Nick Cave & Warren EllisLiverpool Philharmonic 27/9/21
After the release of 2019’s Ghosteen, an album aching to be performed, Nick Cave & The Bad Seeds had to cancel their tour for obvious reasons. Now, after the release of this year’s Carnage, the first non-soundtrack album credited to NICK CAVE & WARREN ELLIS, the pair’s acolytes finally get to pay homage to them in this suitably illustrious setting.
Bounding onto the stage to a rapturous welcome they open with a haunting rendition of Spinning Song. The track gradually unfurls with Ellis’ sparse and restrained synth melodies, a signature of the pair’s recent work, providing a delicate baseline for Cave’s pained, reflective lyricism. His potent, baritone delivery is complimented beautifully by the trio of backing singers Wendi Rose, T. Jae Cole and Janet Remus, and the stripped-back format suits the track perfectly.
White Elephant is ferociously delivered taking the set into more frenetic territory. The repetitive, sleazy groove of Ellis’ synth is backed up powerfully by drummer Johnny Hostile and Cave prowls the stage with characteristic swagger almost spitting the words at the audience with heat and bile. Though he delivers each and every word of these dark and abstract pieces with absolute conviction Cave still constantly injects the performance with moments of his droll humour. His command of the crowd is quite frankly mesmerising and at times the performance resembles that of a revivalist preacher whipping his followers into a state of religious frenzy.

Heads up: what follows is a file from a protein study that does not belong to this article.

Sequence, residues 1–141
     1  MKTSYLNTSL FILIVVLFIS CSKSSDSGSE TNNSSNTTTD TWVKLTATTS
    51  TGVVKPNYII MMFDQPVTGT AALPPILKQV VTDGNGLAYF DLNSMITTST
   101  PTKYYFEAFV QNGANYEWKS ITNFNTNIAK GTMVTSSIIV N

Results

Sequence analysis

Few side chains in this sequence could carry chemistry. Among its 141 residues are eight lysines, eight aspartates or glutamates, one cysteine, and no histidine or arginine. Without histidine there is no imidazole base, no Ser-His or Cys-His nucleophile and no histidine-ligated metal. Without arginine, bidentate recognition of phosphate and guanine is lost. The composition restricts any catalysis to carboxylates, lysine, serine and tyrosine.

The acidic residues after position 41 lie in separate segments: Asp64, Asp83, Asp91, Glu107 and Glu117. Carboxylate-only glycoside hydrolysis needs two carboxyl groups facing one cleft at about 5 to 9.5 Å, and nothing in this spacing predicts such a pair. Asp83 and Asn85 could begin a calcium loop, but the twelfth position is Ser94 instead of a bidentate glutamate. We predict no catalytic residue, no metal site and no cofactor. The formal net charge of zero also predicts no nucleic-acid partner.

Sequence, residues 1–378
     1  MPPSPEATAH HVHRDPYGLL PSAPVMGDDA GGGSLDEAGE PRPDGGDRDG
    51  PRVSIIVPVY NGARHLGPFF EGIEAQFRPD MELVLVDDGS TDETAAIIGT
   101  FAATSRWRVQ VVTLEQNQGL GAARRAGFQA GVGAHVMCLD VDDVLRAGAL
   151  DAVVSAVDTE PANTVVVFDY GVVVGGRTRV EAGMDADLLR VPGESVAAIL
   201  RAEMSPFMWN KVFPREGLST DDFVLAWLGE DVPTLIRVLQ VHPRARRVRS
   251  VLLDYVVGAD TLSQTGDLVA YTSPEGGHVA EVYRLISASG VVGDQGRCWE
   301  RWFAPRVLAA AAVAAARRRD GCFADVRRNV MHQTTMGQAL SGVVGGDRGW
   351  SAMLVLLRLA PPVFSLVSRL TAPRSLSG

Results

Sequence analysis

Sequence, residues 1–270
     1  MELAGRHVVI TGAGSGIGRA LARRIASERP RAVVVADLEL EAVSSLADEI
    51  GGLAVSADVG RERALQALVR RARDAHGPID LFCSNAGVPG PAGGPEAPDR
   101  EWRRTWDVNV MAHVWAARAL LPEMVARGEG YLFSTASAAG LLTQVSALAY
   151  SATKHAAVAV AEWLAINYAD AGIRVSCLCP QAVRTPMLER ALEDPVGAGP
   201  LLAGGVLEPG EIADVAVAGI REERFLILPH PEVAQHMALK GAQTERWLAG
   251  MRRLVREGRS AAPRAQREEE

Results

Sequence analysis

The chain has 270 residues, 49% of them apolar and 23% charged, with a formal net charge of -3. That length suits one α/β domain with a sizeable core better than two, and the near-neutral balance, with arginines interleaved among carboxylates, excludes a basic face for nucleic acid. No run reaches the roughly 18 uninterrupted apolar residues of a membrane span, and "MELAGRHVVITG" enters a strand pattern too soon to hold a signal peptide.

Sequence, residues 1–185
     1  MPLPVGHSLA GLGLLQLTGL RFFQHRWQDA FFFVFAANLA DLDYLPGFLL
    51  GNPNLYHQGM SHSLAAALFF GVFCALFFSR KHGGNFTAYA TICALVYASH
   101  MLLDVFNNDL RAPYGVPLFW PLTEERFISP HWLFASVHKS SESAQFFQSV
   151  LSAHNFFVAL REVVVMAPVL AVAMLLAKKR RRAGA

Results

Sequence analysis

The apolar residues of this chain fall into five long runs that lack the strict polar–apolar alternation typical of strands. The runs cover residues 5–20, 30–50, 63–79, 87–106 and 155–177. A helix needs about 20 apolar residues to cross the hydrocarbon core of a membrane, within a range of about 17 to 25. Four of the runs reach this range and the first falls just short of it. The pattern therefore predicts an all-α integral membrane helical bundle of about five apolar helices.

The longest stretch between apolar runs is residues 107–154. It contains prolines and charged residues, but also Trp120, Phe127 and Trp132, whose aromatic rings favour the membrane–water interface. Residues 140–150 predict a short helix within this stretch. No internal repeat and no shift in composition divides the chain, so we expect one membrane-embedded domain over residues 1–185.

Midway through the set Cave performs a number of tracks alone at the piano of which Waiting For You is perhaps the most moving. The poignancy of this ballad is heightened by Cave’s voice which cracks slightly as he strains for the higher notes. Written shortly after the loss of Cave’s son the refrain ‘waiting for you to return’ is sung with such emotional weight that there are many in the audience who are brought to tears.
After this pared back interlude an electrifying performance of Hand of God sees most of the crowd now on their feet. With the stage drenched in red light there is an impression of being wrenched from the celestial into the infernal. Ellis, who has been seated throughout, remains so but appears almost possessed as he shakes wildly and thrusts his fists upwards. Cave, appearing to lose all restraint, shrieks violently into his microphone pushing furiously towards an intense crescendo before the instrumentation falls away and he recedes into a slowly dying whisper.
After two and half hours the set finally draws to a close, but the group returns for two encores. Cave explains that they would feel cursed if they left without performing Ghosteen Speaks and there are also renditions of Albuquerque and Henry Lee. Even after this there is a sense that nobody is yet ready for it to end. Sometimes there are nights when things just seem to be in perfect harmony. When the venue, the circumstances and the performer flow together to produce something truly memorable. Tonight is one of those nights.